Highlander Endgame


GNP Crescendo Records, 2000

REVIEW BY: Christopher Thelen


Although I've never been a fan of either the movies or the television series, it seems like Highlander is a storyline which finds the present constantly clashing with the past, and one group's constant battle to reconcile the two through immortality... and its loss.

So the music for Highlander Endgame probably makes a lot of sense to anyone who has followed this series since the first film hit the screens in 1986. The clash between modern-day neo-classical (with just a touch of electric guitar at times) with its deep-rooted Scottish lamentations makes for a confusing, yet enjoyable, listen for the mere mortal. Everyone else, of course, will probably think this music is a hoot, and will scoff at the newbie's views. T'sokay, I'm used to that.my_heart_sings_the_harmony_web_ad_alt_250

This particular soundtrack can be broken up into two distinct halves. The first eight songs make up one half, which were composed by Stephen Graziano. These seem to be the more moody, suspenseful pieces - too bad the music occasionally drags during these. Oh, sure, Graziano captures the Scottish essence well, especially on his arrangement of "Bonny Portmore," but when it gets to pieces lke "Opening Titles" and "There Can Be Only One! (Killing Kell)", there should be few, if any, noticeable lags in the musical action. It's on the shorter pieces like "Driving To Loft/Getting Duncan/Ride To The Grave" and "Heather Cuts Her Hair" (the latter co-written by second composer Nick Glennie-Smith) that Graziano is able to sustain the energy.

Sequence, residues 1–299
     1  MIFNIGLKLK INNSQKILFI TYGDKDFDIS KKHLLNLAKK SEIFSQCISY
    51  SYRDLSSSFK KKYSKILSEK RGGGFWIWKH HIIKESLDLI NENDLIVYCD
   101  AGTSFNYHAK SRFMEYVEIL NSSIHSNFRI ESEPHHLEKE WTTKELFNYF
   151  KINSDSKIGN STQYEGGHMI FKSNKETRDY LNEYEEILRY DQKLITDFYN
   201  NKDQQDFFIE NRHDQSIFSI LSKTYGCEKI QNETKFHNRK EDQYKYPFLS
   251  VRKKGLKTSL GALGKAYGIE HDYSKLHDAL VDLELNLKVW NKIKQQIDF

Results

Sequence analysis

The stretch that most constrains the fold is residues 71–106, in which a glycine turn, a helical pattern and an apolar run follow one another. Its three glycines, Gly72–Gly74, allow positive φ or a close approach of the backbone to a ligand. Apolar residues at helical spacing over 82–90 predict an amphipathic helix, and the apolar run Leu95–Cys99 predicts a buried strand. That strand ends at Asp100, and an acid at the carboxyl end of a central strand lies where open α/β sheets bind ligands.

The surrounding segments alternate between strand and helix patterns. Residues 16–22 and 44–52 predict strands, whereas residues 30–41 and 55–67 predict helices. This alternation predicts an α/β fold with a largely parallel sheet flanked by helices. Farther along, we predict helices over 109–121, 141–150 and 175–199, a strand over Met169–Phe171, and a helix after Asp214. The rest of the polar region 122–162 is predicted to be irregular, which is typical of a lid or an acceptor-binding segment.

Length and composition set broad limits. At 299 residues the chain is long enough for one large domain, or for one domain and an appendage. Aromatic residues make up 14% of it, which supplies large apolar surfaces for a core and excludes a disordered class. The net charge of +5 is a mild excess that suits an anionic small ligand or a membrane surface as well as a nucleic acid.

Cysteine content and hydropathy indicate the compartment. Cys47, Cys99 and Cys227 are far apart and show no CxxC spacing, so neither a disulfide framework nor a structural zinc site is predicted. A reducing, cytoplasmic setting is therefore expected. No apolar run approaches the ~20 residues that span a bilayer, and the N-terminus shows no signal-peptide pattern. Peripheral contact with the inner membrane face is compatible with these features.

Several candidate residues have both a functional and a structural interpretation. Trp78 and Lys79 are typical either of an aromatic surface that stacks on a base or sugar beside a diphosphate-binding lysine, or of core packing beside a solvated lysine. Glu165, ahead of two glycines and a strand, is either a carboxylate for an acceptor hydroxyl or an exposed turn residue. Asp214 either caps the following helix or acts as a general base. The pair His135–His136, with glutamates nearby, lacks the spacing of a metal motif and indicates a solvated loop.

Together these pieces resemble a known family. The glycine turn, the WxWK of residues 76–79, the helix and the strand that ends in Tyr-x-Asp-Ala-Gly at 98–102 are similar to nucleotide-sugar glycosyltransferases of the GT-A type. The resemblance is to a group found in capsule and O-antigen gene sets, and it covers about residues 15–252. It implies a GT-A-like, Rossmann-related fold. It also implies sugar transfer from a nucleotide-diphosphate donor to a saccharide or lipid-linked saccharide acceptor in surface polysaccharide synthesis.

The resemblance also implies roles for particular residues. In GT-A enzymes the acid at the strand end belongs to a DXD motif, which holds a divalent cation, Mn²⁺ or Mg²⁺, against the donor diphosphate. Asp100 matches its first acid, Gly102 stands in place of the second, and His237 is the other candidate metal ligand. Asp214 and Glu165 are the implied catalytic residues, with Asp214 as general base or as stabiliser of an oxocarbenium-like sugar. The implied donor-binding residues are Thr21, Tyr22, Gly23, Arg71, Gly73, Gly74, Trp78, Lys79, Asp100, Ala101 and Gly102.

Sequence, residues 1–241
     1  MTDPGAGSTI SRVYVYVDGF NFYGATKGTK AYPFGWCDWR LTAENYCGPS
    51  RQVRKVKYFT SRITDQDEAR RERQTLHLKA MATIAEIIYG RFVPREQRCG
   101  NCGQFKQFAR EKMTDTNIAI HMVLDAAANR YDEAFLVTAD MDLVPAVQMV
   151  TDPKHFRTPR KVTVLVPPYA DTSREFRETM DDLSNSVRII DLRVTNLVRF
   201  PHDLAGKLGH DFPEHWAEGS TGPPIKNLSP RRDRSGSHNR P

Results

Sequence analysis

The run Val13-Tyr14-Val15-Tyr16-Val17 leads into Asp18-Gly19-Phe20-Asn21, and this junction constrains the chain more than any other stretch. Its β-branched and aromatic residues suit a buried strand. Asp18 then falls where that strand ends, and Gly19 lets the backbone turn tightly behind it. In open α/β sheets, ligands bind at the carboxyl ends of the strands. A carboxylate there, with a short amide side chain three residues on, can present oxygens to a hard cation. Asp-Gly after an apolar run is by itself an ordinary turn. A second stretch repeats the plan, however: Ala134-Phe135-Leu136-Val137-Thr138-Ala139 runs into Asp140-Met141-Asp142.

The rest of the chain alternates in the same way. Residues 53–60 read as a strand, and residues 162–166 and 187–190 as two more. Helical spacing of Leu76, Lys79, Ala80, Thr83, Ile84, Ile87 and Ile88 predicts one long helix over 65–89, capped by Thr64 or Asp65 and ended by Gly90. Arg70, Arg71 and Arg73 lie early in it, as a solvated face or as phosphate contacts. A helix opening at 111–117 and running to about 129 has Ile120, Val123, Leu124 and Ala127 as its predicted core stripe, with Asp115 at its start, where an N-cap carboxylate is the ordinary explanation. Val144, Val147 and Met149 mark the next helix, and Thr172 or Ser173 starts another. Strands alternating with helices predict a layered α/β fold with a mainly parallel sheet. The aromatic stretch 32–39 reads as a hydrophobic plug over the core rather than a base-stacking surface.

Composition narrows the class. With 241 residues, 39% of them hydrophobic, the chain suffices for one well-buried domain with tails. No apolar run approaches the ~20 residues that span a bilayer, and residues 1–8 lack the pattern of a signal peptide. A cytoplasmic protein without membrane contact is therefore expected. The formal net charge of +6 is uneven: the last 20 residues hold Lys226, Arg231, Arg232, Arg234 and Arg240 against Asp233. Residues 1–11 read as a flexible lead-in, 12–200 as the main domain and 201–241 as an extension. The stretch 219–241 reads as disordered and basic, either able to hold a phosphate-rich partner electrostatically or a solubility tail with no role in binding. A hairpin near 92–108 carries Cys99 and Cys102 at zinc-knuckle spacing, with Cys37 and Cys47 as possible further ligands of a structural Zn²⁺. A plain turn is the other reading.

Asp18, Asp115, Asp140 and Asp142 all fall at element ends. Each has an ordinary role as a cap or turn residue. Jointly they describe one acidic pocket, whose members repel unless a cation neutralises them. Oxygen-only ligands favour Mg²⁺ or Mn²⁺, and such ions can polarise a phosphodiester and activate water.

In a sense, Glennie-Smith has a similar problem on his one epic selection, "The Legend Of The Immortals" - the track which marks the second distinct half of Highlander Endgame. Glennie-Smith focuses in more on shorter, to-the-point pieces (three of which clock in at less than 90 seconds), but this strategy works well for him, and the music is captivating. Even on the "longer" pieces (at least, longer in comparison), such as "Killing An Old Friend," "Attack At The Loft" and "In Memory Of Connor," Glennie-Smith is able to cut to the heart of the musical theme, and he does it well.

The one drawback, namely to Graziano's compositions, is that he tries to jump from a more organic Celtic influence to modern-day cacaphony, and this mixture doesn't always seem to work the best. Glennie-Smith's works, in contrast, have more of a natural feel to them, as if you were listening to a soundtrack from the Golden Era of movie music, an era which people like John Williams have made a living keeping alive in the eyes of moviegoers. I don't think that Graziano was wrong in his approach, but he might have wanted more of a smoother transition in styles.

Highlander Endgame, to be honest, is the kind of disc whose appeal may be limited to those who have followed this movie series from the beginning. If this is the case, they have themselves a nice treasure, albeit one which occasionally seems difficult to open.

Rating: B

User Rating: Not Yet Rated



© 2000 Christopher Thelen and The Daily Vault. All rights reserved. Review or any portion may not be reproduced without written permission. Cover art is the intellectual property of GNP Crescendo Records, and is used for informational purposes only.